On December 2, 2021, the Treasury Department’s Office of Foreign Assets Control (OFAC) expanded its Belarus-related sanctions program by imposing restrictions on dealings in Belarusian sovereign debt and adding 32 individuals and entities to its List of Specially Designated Nationals (SDN List). Among these additions are several state-owned or -controlled companies operating in the tourism, transportation, defense, security, and potassium chloride (potash) sectors of the Belarusian economy. OFAC also issued a general license that temporarily authorizes the wind down of transactions involving specified Belarusian SDNs, and issued guidance clarifying the scope of this latest round of sanctions.
Last week’s sanctions were imposed pursuant to Executive Orders (E.O.) 14038 and 13405, which authorize OFAC to impose sanctions on the Government of Belarus and key sectors of the Belarusian economy.
Sectoral Sanctions on Belarusian Sovereign Debt
With the publication of Directive 1, OFAC imposed restrictions on dealings in certain debt of the Ministry of Finance of the Republic of Belarus (Ministry of Finance) and the Development Bank of the Republic of Belarus (Development Bank). The directive prohibits “all transactions in, provision of financing for, and other dealings in new debt with a maturity of greater than 90 days issued on or after December 2, 2021” by the Ministry of Finance or the Development Bank. Notably, OFAC’s “50 percent rule” does not apply to Directive 1’s prohibitions, which means that these restrictions do not extend to entities owned 50 percent or more, directly or indirectly, by the Ministry of Finance or the Development Bank.
Interested persons should carefully review OFAC’s “Frequently Asked Questions,” as OFAC has issued important clarifications on how Directive 1 applies in a number of contexts. For instance, OFAC has indicated that Directive 1’s prohibitions extend to derivative contracts linked to new debt issued by the Ministry of Finance and Development Bank.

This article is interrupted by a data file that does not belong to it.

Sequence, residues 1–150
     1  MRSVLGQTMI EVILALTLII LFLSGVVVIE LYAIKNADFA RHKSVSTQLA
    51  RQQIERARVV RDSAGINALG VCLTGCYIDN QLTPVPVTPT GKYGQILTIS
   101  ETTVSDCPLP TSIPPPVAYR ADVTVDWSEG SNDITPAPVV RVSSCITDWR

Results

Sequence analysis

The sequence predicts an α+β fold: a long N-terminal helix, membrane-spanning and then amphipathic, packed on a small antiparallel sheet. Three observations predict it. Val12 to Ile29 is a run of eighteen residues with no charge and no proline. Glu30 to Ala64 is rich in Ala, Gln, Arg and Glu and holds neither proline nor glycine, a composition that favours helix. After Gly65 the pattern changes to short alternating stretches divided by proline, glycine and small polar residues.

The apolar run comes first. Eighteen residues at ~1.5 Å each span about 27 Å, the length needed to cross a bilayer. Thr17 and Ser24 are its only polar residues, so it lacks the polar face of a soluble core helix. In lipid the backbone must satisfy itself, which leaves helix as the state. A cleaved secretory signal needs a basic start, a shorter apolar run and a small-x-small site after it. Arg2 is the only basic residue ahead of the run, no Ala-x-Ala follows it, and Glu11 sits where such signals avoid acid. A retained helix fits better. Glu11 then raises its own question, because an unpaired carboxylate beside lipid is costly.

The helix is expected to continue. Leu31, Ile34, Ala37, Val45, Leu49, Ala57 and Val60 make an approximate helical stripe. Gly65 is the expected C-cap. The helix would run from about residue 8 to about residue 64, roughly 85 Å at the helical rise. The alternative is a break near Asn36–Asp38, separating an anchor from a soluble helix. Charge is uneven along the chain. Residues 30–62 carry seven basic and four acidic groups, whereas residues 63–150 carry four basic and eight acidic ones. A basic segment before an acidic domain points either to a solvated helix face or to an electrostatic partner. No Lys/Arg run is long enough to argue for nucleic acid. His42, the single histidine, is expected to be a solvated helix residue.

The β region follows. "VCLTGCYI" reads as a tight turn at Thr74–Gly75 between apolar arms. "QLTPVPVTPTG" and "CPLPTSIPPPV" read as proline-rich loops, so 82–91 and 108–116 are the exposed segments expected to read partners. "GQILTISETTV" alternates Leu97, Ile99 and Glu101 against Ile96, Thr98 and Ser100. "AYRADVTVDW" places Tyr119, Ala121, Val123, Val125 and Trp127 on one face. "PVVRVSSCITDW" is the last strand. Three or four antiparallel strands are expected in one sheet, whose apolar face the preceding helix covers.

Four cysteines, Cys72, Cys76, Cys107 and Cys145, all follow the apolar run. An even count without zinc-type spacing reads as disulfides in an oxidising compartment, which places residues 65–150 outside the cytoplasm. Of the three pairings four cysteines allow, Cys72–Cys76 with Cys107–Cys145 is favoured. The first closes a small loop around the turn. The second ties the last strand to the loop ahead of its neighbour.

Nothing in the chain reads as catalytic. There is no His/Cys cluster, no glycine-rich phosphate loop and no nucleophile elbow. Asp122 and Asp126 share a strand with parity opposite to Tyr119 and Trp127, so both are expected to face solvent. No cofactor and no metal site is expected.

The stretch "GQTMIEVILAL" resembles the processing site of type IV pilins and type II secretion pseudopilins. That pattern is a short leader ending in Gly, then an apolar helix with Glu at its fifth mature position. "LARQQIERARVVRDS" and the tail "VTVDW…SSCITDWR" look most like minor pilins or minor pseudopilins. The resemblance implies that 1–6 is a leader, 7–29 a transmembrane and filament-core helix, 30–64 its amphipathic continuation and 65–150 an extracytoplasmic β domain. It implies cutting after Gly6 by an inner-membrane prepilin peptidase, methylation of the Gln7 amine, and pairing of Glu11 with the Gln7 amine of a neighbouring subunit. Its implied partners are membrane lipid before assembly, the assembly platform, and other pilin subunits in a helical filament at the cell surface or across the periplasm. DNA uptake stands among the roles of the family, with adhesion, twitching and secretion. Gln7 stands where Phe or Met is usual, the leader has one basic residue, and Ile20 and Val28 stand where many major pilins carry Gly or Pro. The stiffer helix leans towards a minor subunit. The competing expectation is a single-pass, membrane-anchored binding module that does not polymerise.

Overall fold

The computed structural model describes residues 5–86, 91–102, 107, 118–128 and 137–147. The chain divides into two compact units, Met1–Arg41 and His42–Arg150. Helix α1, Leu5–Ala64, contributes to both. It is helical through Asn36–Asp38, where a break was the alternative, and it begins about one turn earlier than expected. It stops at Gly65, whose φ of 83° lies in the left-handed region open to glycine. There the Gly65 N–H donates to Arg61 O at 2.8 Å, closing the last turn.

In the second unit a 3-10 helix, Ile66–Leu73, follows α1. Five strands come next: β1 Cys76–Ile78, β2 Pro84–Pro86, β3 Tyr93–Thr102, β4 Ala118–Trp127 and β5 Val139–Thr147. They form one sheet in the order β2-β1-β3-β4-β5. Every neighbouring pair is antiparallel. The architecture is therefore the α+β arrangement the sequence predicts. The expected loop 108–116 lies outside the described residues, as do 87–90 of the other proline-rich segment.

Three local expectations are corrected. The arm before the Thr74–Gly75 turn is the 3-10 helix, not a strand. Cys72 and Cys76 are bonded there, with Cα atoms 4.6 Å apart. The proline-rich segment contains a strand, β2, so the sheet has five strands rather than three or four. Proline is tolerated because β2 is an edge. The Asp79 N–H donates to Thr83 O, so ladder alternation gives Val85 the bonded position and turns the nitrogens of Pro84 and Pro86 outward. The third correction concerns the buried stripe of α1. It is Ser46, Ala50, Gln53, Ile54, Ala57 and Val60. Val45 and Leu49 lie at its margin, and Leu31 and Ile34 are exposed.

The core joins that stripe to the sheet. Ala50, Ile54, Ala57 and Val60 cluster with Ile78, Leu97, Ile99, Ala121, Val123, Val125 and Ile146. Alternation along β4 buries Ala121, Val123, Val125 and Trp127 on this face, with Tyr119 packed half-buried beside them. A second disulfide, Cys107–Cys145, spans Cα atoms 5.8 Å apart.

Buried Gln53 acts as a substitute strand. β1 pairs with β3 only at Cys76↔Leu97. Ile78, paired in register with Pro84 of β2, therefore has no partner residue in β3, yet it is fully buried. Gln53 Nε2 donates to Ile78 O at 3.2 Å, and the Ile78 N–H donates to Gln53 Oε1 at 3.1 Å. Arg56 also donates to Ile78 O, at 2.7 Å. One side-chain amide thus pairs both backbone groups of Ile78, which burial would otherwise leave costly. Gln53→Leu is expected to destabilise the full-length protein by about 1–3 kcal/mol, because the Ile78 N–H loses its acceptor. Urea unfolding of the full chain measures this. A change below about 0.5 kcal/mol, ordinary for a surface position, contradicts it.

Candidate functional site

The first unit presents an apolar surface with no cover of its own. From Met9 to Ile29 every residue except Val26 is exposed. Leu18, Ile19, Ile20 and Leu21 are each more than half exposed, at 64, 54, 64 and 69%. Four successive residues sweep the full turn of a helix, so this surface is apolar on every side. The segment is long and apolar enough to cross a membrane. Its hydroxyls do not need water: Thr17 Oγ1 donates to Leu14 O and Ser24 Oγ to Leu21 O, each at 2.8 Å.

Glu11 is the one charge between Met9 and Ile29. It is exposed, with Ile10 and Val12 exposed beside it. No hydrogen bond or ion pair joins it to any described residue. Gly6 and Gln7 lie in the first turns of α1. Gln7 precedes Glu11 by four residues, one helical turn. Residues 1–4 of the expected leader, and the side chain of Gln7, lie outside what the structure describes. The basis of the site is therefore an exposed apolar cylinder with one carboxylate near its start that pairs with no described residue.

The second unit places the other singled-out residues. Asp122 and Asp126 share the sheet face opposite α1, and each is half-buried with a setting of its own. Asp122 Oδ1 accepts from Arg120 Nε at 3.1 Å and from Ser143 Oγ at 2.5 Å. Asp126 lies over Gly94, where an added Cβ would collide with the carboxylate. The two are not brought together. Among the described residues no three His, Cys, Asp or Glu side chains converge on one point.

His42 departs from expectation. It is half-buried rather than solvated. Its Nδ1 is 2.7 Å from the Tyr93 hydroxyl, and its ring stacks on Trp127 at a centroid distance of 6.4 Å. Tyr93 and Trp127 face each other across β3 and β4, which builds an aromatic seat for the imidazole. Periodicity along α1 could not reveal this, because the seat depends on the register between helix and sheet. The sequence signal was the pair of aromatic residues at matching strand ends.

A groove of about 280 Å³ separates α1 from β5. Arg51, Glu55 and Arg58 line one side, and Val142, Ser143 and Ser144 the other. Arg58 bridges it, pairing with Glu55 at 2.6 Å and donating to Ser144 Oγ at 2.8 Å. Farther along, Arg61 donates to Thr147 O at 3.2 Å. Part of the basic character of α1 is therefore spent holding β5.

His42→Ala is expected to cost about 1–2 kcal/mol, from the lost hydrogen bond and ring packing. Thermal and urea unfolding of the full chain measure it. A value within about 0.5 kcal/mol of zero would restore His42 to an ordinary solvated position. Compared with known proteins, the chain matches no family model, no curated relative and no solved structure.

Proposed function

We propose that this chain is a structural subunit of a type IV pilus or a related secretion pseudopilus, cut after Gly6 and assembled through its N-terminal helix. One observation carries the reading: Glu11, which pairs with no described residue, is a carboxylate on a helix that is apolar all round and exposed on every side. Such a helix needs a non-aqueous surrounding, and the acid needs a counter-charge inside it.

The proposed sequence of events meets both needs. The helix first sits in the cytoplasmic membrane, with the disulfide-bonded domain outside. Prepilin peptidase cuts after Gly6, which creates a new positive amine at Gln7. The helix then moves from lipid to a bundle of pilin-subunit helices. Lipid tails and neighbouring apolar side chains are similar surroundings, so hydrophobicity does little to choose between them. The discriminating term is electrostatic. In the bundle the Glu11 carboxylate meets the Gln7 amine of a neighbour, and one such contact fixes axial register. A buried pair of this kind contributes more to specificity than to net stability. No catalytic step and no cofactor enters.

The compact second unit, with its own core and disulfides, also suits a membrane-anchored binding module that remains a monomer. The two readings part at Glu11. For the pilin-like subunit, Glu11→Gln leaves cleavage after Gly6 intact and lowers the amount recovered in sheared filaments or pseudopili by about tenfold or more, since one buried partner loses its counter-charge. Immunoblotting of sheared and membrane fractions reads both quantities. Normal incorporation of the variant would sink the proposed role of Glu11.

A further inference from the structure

New Belarusian Designations
OFAC also added 20 individuals and 12 entities to its SDN List. Among the designations are Republican Unitary Enterprise Tsentrkurort, JSC Transaviaexport Airlines, CJSC Beltechexport, AGAT Electromechanical Plant OJSC, Joint Stock Company 140 Repair Plant, Kidma Tech OJSC, JSC Peleng, OOO Gardservis, Open Joint Stock Company Belarusian Potash Company (BPC), BPC’s subsidiary Agrorozkvit LLC, and Foreign Limited Liability Company Slavkali.
Pursuant to the new General License 5, U.S. persons are permitted to engage in certain, limited activities ordinarily incident and necessary to the wind down of transactions with BPC, Agrorozkvit LLC, and entities owned 50 percent or more by those companies until 12:01 a.m. eastern standard time, April 1, 2022.
OFAC’s latest updates, taken in coordination with U.S. allies, introduce heightened sanctions risks for companies doing business in Belarus. Companies with operations involving Belarus will need to carefully examine these developments and monitor future moves by OFAC and allied governments.
Please contact our sanctions and export control team with any questions about ensuring compliance with the evolving Belarus sanctions program.